It’s quite hard to pinpoint what inspires me most; I collect all sorts of objects, prints and photographs of animals or dolls – anything curious. I have to say seeing what other designers and artists share on Instagram across different crafts is also very inspiring, it is amazing how many creative people are out there.

Freddie

Tell us a bit about your design process…

When designing something for my pattern shop I might get an idea seemingly out of nowhere, which I will then sketch and mull over for days or even months. I will sketch the design many times, thinking about best way to make it. Then I make prototypes and sometimes get it right on first or second try.

Often a particular project will stay in my head for weeks, almost like an obsession – where I’ll keep coming back to it in-between different makes, trying something out and abandoning it, until I get it right.

Owls

Many of your creations are animal themed amigurumis – are they your favourite things to make?

Oh yes, I adore all animals! Growing up in a big city not many people we knew had pets, so encounters with animals became very special. I love watching documentaries about the Earth, it’s simply amazing how many different creatures call it home!

Do you have a favourite creation that you’ve designed?

I’m still exploring different styles and ways to make an amigurumi, looking for a balance of an object that’s interesting to look at but not too complicated for others to make. I think Hopscotch Bunny is the closest to what I like making.   

Hopscotch

Do you have go to hooks and yarn?

I have a strong preference for natural fibres, especially alpaca and cotton. Cotton is so durable and versatile, but alpaca gives the make a much more natural and soft look. As for hooks, I always use Clover Soft Touch.

Who gets your creations; you, your family, your friends?

At the moment my daughter is very quick to claim anything I make, often even before it’s finished. The rest gets given away to friends and family. If a visitor likes a particular toy most of the time they take it home with them.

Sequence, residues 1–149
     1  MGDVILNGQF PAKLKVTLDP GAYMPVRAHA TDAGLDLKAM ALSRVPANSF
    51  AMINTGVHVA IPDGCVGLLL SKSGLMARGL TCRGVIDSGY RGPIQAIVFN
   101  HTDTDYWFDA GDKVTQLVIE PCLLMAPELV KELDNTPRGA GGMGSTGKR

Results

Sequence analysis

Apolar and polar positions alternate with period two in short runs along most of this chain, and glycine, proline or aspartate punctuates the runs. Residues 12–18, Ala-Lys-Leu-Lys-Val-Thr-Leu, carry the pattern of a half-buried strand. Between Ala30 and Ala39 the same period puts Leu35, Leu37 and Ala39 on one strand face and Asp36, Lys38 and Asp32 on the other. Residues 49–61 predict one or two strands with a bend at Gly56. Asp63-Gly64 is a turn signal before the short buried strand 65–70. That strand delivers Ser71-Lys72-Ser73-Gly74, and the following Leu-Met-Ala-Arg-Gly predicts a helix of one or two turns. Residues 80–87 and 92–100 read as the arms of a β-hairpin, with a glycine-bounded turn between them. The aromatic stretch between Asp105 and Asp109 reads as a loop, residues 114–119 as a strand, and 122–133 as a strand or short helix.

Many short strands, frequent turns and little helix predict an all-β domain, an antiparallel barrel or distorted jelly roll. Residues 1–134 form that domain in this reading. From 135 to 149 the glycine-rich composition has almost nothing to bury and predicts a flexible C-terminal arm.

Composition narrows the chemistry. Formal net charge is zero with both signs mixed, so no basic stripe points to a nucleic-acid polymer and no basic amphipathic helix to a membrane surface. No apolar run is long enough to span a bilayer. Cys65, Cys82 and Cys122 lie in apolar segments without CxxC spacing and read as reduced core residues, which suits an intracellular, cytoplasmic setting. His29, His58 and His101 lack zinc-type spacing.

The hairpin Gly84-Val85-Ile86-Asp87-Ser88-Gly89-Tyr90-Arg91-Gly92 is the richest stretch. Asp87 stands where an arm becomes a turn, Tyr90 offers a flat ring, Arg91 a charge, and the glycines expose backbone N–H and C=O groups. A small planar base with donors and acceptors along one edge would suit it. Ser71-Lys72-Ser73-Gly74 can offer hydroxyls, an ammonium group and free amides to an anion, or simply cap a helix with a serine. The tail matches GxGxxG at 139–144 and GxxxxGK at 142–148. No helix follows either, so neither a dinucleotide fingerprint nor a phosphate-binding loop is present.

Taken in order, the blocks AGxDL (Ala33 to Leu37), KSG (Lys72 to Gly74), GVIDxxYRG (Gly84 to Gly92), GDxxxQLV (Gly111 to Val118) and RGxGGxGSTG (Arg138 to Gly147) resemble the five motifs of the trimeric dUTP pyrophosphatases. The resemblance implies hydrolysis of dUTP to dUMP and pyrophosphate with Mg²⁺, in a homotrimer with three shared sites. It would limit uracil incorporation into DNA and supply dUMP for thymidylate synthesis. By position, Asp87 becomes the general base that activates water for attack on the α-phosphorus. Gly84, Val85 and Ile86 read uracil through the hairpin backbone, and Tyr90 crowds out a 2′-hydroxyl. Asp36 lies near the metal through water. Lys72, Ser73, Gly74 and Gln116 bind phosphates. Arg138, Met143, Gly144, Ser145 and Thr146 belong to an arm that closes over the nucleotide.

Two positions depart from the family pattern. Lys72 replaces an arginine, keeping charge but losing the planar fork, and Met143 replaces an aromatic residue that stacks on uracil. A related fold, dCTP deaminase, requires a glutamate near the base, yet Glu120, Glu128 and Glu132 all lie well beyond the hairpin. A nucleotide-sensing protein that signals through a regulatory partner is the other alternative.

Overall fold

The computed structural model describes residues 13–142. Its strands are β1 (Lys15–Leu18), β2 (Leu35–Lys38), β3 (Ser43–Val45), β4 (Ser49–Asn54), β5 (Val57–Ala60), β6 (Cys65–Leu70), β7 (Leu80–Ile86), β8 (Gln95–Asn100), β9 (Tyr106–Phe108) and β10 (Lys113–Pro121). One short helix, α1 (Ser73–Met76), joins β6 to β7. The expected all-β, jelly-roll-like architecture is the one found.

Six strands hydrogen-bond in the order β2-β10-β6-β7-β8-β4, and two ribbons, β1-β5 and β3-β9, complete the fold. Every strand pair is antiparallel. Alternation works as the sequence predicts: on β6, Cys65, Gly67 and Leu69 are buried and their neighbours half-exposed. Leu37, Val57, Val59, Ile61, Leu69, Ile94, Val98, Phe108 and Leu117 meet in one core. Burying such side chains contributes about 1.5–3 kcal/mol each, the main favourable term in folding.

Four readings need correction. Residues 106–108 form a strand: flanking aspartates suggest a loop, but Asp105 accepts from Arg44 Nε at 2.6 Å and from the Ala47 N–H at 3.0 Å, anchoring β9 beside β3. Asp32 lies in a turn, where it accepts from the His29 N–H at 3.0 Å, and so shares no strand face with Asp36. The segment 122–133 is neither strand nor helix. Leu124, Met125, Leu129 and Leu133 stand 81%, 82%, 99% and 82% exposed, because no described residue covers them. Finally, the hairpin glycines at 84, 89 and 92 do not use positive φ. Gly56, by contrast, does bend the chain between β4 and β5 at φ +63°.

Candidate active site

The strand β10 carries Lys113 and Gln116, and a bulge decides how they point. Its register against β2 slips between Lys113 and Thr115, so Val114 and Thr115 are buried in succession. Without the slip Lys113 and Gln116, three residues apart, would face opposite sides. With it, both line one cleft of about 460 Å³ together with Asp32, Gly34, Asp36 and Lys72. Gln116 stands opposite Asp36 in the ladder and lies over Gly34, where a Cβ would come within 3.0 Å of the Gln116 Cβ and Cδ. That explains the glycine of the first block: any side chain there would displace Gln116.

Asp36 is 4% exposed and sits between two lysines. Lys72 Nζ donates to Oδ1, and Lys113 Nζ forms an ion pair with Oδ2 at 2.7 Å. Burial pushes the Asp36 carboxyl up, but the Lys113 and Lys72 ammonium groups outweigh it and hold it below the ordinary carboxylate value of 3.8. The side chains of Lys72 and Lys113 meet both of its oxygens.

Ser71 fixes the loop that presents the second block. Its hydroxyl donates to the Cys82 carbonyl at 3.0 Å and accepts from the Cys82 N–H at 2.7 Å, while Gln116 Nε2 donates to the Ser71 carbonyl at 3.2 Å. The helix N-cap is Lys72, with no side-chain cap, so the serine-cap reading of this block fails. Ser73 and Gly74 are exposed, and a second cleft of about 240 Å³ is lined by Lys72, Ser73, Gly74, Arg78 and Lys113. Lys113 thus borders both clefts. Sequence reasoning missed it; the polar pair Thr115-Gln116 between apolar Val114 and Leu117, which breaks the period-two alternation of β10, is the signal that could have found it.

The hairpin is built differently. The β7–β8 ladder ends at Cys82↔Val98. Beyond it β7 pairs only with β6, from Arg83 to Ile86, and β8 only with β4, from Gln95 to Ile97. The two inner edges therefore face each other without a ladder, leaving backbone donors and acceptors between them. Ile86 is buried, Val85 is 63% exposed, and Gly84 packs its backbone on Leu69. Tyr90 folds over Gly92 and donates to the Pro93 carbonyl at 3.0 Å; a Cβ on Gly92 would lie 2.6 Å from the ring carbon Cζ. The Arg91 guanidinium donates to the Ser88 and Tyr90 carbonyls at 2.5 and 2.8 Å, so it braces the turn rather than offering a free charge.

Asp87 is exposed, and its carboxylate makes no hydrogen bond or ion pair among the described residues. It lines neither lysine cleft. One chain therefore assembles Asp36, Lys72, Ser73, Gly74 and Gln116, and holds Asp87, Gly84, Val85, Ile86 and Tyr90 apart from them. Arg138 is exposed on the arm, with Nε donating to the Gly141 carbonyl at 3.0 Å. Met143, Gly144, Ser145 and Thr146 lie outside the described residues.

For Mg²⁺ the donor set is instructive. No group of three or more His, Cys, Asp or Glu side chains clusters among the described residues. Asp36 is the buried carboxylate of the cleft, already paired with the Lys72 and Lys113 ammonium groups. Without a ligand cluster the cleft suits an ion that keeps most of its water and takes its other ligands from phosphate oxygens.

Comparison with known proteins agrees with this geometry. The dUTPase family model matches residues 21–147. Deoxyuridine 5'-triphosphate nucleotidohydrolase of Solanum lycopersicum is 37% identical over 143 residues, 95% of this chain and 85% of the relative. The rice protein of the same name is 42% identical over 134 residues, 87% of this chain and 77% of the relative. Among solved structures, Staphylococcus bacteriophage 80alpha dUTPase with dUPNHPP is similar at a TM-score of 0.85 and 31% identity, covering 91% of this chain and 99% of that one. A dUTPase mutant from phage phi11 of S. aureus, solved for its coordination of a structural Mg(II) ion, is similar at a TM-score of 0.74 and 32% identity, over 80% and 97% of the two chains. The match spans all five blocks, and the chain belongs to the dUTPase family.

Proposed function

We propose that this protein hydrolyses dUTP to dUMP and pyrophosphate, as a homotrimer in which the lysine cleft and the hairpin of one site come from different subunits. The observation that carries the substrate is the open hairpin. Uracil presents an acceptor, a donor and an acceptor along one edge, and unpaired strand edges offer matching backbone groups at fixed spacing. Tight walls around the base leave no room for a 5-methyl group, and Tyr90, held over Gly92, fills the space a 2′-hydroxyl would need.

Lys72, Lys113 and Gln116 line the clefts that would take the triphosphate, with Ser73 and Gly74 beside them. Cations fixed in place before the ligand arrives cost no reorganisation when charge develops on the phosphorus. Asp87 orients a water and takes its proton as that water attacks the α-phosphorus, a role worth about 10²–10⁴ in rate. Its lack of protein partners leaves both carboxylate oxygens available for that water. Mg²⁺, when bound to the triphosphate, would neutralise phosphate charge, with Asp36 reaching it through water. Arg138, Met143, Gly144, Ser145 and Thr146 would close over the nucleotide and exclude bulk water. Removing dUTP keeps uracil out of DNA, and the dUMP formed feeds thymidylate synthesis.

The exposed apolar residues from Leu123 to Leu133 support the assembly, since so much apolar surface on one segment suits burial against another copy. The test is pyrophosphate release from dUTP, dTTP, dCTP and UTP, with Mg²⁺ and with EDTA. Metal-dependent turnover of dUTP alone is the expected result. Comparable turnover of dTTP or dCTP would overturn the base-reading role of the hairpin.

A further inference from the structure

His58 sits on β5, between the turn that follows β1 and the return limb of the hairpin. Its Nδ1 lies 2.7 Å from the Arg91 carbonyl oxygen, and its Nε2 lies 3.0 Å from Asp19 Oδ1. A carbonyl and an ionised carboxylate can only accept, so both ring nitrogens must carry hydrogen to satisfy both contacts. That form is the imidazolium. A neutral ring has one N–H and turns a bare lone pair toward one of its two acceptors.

Clara-Unicorn

Where do you work? Do you have a studio space or do you work from your living room chair?

I’m a bit of a messy creative (just ask my husband!) so things end up scattered all over the house. We share a room as a studio where I have a wall of yarn to inspire me, and a desk for pattern writing and research. Curling up on a sofa with a cup of tea, a sketchbook and a film in the background is my favourite way to work.

What can we expect to see from you in the future?

I’m planning to make many more cute and unusual animals, but also some home accessories and decorations – there’s a book full of ideas just waiting to be made into new patterns.

Sloth-Shopper

Tell us a bit about yourself – what do you do when you’re not crocheting?

When I’m not crocheting… I love going riding my bicycle, foraging around local woods for berries, visiting museums and fairs or just spending the day holed up out of the way somewhere reading a good book.

Finally finish the sentence … I love crochet because…

I can make anything that comes into my head with just a thread and hook – it’s a bit like magic!

I’d just like to take this opportunity to thank Irina again for taking time out of her busy schedule to answer these questions. I’ve really enjoyed getting a better understanding of what’s involved with in her designing process and hope you have too. I hope you will pop along to her website and ravelry page to see all of her great designs!